The entries that are supported with sound research, insight, and understanding, are the ones that just make sense. Things like showing a demonstrable and thorough understanding of your audience, being clear and honest about budgets and numbers, and showing the clear strategies that have helped to inform your work as either a part of campaign or business/team submission will give the judges the confidence to give you high scores.

Sharon Amesu, Leadership Consultant & Professional Speaker

I’m a Northerner born and bred. I have always been incredibly proud of our distinct regional traits of innovation, creativity and possibility. The Prolific North Champions Awards celebrates those organisations that epitomise the best of these traits. That’s why I’m delighted to be judging these industry awards.

Awards matter. They are a testament to excellence in your industry. I encourage all applicants to be bold and unapologetic about your accomplishments when submitting your application. Use your 1,000 words meaningfully and thoughtfully. Tell us about what you’ve done, but more importantly, what impact made. How has your work changed the landscape? How did your strategy shift the dial? What difference did your campaign make to the overall result?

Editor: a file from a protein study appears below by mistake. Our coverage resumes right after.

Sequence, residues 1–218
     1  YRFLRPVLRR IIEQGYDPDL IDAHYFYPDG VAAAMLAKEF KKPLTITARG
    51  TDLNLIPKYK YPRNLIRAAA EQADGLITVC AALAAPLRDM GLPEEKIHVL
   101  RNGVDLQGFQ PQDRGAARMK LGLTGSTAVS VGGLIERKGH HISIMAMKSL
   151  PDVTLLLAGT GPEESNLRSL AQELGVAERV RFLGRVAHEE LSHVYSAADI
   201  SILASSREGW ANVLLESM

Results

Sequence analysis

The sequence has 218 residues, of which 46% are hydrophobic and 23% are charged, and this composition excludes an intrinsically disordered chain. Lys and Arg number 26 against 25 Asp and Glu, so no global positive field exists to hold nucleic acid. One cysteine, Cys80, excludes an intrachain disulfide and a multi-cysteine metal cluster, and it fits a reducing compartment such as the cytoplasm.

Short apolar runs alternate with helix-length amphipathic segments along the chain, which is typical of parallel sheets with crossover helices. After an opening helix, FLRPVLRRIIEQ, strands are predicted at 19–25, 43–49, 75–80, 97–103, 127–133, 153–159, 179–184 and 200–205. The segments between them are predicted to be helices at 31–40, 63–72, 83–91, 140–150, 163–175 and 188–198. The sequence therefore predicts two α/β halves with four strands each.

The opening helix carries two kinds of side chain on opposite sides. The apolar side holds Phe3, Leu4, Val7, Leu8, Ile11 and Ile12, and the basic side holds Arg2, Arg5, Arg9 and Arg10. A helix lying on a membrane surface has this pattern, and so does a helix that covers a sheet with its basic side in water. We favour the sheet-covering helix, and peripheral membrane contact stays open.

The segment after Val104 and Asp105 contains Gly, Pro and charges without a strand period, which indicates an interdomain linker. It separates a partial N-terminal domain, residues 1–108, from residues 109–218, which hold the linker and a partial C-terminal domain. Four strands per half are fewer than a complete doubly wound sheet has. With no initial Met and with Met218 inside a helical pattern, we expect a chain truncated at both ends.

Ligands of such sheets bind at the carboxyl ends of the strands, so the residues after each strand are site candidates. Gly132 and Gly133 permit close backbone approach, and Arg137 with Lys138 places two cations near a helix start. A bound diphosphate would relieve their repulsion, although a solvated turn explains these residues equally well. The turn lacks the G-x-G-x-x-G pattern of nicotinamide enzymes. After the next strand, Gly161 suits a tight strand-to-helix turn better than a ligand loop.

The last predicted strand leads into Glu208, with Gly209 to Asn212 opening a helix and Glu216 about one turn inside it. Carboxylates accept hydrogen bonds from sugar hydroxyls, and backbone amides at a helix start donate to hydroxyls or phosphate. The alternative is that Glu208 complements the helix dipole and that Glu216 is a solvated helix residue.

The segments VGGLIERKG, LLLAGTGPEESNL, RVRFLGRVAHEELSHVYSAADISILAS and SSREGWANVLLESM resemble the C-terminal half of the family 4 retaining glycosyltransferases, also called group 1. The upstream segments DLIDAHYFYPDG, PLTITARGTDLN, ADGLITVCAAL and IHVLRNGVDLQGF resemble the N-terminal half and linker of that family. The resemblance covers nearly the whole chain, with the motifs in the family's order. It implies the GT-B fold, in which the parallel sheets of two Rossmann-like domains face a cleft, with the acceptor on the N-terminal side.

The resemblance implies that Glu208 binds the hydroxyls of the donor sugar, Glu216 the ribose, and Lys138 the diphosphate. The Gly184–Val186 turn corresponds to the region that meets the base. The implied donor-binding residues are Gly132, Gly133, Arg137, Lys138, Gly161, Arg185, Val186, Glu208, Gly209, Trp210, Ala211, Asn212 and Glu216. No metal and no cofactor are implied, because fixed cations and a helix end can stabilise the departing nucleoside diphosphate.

Let’s see the best of the North through you!

Mike Jeffs, Chief Commercial Officer, Hark

Your success stands out in a sentence and draws us in to well-structured detail. 

For me an award entry has to stand out, find a way of summing up the impact your work has had in a sentence, or maybe a visual. This will make judges want to read more. You can’t beat the age old ‘repeat the question in the answer’ too – what was the problem and how big a problem is it? This helps shape the value and draws us in to the context of your story of success. 

A well-structured submission implies that you take the same approach with your projects and makes it easier for us to get hooked into the detail you provide. Lastly, when giving results, paint the ‘before and after’ picture: Why was this result good in comparison to your company or client competitors?

Hannah Cox, Founder, Betternotstop